CHRISTIAN THIESEN, Plaintiff in Error,
GULF, FLORIDA & ALABAMA RAILWAY COMPANY, et al., Defendants in Error
SUPREME COURT OF FLORIDA
75 Fla. 28; 78 So. 491
November 3, 1917 ; Petition for rehearing granted January 14, 1918
Sullivan & Sullivan and John S. Beard, for Plaintiff in Error;
Blount & Blount & Carter and Philip D. Beall, for Defendants in Error.
TAYLOR, WHITFIELD, ELLIS AND WEST, J. J., concur; BROWNE, C. J., dissents
Per Curiam. -- In an action to recover damages for filling in from the shore line towards the channel opposite plaintiff's land upon the waters of Pensacola Bay in Escambia County, Florida, the court directed a verdict for the defendants and the plaintiff took writ of error to the final judgment for the defendants.
The statute under which the action is brought is as follows:
"643. An act entitled 'An act to benefit commerce, approved December 27, 1856, and the grants therein made shall remain in force, which act is as follows:
"'Whereas it is for the benefit of commerce that wharves be built and warehouses erected for facilitating the landing and storing of goods; And whereas, The State being the proprietor of all submerged lands and water privileges within its boundaries, which prevents the riparian owners from improving their water lots; therefore,
"'The State of Florida, for the consideration above mentioned, divests itself of all right, title and interest to all lands covered by water, lying in front of any tract of land owned by a citizen of the United States, or by the United States for public purposes, lying upon any navigable stream or bay of the sea or harbor, as far as to the edge of the channel, and thereby vests the full title to the same in and to the riparian proprietors, giving them the full right and privilege to build wharves into streams or waters of the bay or harbor as far as may be necessary to effect the purposes described, and to fill up from the shore, bank or beach as far as may be desired, not obstructing the channel, but leaving full space for the requirements of commerce, and upon lands so filled in, to erect warehouses or other buildings, and also the right to prevent encroachments of any other person upon all such submerged lands in the direction of their lines continued to the channel, by bill in chancery, or at law, and to have and maintain action of trespass in any court of competent jurisdiction in the State, for any interference with such property, also confirming to the riparian proprietors all improvements which may have heretofore been made upon submerged lands, for the purposes herein mentioned.'"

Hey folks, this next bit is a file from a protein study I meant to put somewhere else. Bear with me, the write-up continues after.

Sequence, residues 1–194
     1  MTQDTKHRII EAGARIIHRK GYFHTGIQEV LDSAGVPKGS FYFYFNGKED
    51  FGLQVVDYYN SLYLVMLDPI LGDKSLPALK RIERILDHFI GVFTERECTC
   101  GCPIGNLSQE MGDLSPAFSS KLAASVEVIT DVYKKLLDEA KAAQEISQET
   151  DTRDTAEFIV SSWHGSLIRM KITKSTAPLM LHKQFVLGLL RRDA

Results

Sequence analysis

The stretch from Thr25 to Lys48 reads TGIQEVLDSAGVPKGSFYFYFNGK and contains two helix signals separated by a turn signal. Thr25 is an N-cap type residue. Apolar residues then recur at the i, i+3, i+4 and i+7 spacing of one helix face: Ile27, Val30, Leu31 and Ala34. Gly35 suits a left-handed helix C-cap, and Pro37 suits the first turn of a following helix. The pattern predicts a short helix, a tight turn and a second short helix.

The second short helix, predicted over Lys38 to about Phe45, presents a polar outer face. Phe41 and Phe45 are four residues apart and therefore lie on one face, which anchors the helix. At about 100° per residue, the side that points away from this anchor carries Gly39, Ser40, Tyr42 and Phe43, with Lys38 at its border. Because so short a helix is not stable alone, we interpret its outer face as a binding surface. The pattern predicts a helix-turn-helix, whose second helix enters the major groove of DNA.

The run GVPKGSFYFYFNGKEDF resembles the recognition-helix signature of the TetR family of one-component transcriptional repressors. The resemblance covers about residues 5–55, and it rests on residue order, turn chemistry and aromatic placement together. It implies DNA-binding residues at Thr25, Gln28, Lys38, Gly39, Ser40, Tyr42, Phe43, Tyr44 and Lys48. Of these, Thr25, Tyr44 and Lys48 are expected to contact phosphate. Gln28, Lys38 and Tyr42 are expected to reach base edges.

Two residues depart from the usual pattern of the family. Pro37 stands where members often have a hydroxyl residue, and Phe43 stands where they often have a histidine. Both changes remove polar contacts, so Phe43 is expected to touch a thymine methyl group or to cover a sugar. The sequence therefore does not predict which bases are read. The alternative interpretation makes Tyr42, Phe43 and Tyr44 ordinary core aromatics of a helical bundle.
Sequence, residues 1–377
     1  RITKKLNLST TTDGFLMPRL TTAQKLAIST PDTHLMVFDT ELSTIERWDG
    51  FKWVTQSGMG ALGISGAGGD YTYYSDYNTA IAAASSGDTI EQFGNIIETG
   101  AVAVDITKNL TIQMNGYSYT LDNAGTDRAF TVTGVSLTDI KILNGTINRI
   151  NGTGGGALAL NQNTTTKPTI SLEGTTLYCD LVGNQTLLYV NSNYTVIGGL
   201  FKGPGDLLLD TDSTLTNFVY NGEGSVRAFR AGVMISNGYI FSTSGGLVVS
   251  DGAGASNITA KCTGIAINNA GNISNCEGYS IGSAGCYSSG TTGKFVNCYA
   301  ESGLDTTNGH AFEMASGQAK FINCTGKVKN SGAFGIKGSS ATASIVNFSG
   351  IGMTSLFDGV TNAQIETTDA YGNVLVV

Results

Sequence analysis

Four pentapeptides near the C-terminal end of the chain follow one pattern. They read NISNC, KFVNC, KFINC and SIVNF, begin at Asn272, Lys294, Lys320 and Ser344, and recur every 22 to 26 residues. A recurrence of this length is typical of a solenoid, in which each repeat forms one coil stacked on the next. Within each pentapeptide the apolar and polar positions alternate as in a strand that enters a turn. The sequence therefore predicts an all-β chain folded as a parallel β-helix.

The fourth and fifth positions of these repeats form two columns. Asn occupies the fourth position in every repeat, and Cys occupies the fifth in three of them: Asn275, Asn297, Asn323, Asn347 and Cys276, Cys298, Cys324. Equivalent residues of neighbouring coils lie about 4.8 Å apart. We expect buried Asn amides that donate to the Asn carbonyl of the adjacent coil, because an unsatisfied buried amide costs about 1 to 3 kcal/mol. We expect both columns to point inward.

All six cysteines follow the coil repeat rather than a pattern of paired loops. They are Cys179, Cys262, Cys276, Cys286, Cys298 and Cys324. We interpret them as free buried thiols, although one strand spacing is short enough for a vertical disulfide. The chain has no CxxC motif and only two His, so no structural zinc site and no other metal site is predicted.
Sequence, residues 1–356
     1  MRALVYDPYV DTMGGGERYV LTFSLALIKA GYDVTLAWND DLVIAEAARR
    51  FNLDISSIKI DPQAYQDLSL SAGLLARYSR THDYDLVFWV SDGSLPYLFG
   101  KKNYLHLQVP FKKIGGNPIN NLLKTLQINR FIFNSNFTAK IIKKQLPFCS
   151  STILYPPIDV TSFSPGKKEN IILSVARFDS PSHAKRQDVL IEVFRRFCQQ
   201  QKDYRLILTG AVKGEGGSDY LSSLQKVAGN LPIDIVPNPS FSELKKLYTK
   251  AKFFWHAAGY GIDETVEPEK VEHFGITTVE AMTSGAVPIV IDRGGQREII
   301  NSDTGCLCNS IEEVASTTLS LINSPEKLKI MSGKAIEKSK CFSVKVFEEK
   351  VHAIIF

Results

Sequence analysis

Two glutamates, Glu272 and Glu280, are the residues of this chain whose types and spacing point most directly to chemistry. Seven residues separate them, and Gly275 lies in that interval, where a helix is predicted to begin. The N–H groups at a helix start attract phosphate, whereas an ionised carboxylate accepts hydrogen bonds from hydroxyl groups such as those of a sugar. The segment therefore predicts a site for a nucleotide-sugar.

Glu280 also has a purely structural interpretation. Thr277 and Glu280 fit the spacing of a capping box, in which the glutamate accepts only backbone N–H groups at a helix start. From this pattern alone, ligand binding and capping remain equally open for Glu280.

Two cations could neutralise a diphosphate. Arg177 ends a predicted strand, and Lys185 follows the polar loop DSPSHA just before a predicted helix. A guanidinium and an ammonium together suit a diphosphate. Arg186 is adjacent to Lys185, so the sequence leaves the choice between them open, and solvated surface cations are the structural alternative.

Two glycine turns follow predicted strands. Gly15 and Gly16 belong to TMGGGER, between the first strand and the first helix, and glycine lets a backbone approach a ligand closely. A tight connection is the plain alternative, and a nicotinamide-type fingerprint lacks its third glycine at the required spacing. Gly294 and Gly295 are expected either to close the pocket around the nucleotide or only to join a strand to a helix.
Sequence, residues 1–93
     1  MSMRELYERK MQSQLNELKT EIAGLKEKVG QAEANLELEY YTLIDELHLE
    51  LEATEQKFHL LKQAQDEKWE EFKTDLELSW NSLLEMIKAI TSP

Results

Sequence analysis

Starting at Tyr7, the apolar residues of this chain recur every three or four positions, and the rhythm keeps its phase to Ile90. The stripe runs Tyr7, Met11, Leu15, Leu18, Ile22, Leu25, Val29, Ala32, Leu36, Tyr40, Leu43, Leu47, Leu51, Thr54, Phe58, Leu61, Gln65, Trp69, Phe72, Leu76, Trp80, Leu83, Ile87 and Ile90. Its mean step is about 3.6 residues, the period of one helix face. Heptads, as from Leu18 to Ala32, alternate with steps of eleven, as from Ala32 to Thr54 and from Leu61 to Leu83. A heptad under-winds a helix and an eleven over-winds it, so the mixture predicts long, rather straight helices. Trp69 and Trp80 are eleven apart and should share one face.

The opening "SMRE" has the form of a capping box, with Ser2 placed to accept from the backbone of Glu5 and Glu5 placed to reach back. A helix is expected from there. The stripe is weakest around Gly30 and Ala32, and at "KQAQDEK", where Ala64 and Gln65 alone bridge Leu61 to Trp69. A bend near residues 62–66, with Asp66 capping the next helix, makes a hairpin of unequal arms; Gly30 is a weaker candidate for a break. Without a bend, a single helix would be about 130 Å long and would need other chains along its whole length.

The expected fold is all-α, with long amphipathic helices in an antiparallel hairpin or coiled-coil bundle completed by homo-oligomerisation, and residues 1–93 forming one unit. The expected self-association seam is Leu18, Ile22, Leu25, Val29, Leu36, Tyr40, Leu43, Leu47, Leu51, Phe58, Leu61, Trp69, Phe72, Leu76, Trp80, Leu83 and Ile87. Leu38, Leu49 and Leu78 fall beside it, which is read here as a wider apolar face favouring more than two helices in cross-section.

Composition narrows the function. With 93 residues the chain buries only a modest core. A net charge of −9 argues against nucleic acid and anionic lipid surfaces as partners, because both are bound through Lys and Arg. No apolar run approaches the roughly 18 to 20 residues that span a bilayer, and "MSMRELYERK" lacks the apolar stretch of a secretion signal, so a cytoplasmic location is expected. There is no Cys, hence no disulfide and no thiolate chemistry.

"644. Nothing in this article contained shall be so construed as to release the title of the State of Florida, or any of it grantees, to any of the swamp or overflowed lands within the limits of the same, but the grants herein contained shall be limited to those persons and bodies corporate owning lands actually bounded by , and extending to low water mark, on such navigable streams, bays and harbors." Secs. 643, 644 Gen. Stats. 1906, Compiled Laws 1914.
Without objection on the part of the defendants, the plaintiff offered in evidence a written conveyance by Spanish authority dated December 31, 1813, covering "One Lot known by the number 369 (three hundred and sixty-nine) containing ninety-five feet front by one hundred and thirty-one feet three inches in depth affronting on the Bay." Conceding, but not deciding, that it sufficiently appears that title to the described land passed by successive conveyances or otherwise to the plaintiff, yet in order to maintain this action under Section 643 General Statutes of 1906, the plaintiff must have shown that the described land was "actually bounded by and extended to," the waters of a "navigable stream or bay of the sea or harbor." Sec. 644 Gen. Stats. 1906. This is necessary to give to the plaintiff the statutory rights that under section 643 of the General Statutes of 1906, accrue to stated riparian owners in and to the "lands covered by water, lying in front of any track of land * * * lying upon any navigable stream or bay or the sea or harbor." While the expression "affronting on the Bay," contained in the above mentioned conveyance may be taken in connection with other circumstances to indicate a boundary, it may also indicate aspect or location with reference to outlook. Alden v. Pinney, 12 Fla. 348. Taken alone the words "affronting on the Bay" certainly cannot be held to be sufficient to show that the land was "actually bounded by, and extended to" the waters of a navigable "bay." This being so, it was incumbent upon the plaintiff to show by evidence that the described land was "actually bounded by , and extended to" the waters of a navigable stream or bay of the sea or harbor.